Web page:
To the Editor - In response to Jailhouse Informant Legislation

To the Editor,

No one asked me, Charles Picarella Jr. requested that our elected officials weigh in and I’m not elected. However, I am running for the Pennsylvania House in District 64 and I think voters should hear from the people who would represent us.

Jailhouse informants are notoriously unreliable. Too often, they have an incentive to lie, getting leniency or other benefits. The Innocence Project says jailhouse informant testimony is one of the leading contributing factors of wrongful convictions, nearly one in five.

The threshold for criminal conviction is “beyond a reasonable doubt.” Introducing evidence from a source without giving context removes the necessary skepticism that might accompany the testimony if we knew that informant got special treatment for providing the evidence.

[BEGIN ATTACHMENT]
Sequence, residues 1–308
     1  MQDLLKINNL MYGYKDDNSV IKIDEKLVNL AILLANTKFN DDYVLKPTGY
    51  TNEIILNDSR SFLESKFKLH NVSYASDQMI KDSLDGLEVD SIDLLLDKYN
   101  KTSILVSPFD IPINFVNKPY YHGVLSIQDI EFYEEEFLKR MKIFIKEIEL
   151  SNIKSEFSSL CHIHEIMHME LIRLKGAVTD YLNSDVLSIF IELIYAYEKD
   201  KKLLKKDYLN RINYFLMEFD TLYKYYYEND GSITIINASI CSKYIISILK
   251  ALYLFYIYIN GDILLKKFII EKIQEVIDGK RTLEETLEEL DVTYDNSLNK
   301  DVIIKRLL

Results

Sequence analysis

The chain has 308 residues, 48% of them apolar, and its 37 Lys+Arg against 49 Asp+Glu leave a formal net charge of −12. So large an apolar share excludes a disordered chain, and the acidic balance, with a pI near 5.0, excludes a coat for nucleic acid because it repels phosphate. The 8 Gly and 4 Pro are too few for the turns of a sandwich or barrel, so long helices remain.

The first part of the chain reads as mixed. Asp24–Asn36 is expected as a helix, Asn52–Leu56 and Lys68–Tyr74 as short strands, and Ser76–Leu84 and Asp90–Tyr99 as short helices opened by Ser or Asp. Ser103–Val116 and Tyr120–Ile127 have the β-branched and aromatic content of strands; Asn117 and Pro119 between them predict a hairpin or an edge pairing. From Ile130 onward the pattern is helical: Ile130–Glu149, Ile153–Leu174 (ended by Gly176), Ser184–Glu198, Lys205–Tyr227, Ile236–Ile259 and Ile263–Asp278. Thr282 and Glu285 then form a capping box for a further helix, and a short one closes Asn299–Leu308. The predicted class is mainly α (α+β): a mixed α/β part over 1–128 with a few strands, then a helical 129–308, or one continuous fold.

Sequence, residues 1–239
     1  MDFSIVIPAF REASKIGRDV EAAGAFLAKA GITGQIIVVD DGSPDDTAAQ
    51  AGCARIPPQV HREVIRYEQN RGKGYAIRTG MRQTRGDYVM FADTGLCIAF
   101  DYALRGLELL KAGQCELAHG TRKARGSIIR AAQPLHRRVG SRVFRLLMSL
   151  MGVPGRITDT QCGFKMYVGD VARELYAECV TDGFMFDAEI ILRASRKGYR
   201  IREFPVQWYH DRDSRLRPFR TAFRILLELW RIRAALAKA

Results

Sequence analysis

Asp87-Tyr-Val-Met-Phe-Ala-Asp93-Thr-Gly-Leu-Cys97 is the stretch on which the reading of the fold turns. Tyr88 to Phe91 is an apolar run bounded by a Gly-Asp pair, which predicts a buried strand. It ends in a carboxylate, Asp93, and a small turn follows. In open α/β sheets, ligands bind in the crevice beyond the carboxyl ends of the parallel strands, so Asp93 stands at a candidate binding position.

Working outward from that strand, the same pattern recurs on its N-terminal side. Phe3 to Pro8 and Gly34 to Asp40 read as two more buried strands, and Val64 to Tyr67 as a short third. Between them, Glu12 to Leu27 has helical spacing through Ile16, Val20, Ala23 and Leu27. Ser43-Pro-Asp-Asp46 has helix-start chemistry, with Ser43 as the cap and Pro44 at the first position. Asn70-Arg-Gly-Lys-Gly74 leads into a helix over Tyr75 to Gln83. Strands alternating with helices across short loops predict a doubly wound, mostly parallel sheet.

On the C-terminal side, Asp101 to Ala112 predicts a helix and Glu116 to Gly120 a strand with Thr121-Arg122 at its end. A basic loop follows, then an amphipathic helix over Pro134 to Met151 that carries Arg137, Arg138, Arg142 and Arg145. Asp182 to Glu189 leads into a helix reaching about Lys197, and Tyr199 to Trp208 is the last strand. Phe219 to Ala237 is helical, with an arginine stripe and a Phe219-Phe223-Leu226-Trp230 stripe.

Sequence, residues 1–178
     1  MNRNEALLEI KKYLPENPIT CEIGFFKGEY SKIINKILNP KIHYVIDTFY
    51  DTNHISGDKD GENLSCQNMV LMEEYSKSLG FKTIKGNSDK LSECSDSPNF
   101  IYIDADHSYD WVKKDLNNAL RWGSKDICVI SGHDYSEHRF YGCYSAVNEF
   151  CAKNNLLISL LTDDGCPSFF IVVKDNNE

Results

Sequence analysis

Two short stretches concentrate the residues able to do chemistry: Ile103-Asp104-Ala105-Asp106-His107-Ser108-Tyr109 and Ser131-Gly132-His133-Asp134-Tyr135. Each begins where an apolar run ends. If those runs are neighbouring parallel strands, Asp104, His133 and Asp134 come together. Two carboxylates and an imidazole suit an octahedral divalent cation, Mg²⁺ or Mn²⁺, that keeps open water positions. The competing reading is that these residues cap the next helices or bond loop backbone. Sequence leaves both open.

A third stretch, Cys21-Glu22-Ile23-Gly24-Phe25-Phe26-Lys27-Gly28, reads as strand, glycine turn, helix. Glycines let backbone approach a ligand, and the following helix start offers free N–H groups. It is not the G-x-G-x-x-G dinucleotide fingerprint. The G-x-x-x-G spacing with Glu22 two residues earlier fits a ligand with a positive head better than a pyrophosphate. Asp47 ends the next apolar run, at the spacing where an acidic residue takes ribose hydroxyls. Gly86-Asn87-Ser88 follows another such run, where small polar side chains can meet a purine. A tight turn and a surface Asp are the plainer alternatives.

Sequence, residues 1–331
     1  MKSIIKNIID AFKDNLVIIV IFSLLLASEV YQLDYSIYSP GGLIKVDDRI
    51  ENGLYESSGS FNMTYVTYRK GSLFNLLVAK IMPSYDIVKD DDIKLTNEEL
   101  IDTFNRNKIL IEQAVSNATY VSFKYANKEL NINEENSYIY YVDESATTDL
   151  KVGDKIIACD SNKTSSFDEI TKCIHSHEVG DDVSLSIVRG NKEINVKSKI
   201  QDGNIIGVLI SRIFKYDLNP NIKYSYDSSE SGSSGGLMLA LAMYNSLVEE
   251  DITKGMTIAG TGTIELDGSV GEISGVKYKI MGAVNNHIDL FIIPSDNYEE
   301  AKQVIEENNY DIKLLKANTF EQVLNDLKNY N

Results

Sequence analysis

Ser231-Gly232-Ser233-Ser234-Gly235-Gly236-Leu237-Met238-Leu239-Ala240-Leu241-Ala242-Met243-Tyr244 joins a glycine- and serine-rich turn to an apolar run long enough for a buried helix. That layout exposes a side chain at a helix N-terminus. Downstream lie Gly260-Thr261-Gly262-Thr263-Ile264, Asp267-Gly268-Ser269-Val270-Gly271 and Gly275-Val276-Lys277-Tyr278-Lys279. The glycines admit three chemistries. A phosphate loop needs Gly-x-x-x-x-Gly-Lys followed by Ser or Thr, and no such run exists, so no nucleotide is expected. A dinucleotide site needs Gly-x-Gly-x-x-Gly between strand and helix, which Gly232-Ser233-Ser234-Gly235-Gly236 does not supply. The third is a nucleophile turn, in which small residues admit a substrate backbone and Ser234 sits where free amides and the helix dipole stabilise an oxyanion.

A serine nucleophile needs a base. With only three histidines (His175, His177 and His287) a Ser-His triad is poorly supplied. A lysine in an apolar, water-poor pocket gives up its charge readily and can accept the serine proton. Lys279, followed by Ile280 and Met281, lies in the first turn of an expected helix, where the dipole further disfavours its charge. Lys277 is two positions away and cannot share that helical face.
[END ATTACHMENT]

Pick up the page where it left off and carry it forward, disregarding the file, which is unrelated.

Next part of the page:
Harold Hall was charged with murder. The only evidence linking him to the crime was the testimony of two jailhouse informants and notes one of the informants produced. One informant was offered $25 and a pack of cigarettes. The other thought he was going to get leniency on a murder charge he was facing. Even though both witnesses recanted and experts determined that the notes had been altered, the prosecution went ahead with the trial. Hall was sentenced to life in prison. He spent 14 years in prison.

If we are going to use jailhouse informants, there needs to be transparency: what were they given for their cooperation? And they need to be made available for cross examination. All applicable records must be made available to the defense team.

If we are going to have a justice system that lives up to the name, we must first be just. Sending innocents to jail for crimes they did not commit is not just.

Michael Bagdes-Canning,

Candidate for PA 64


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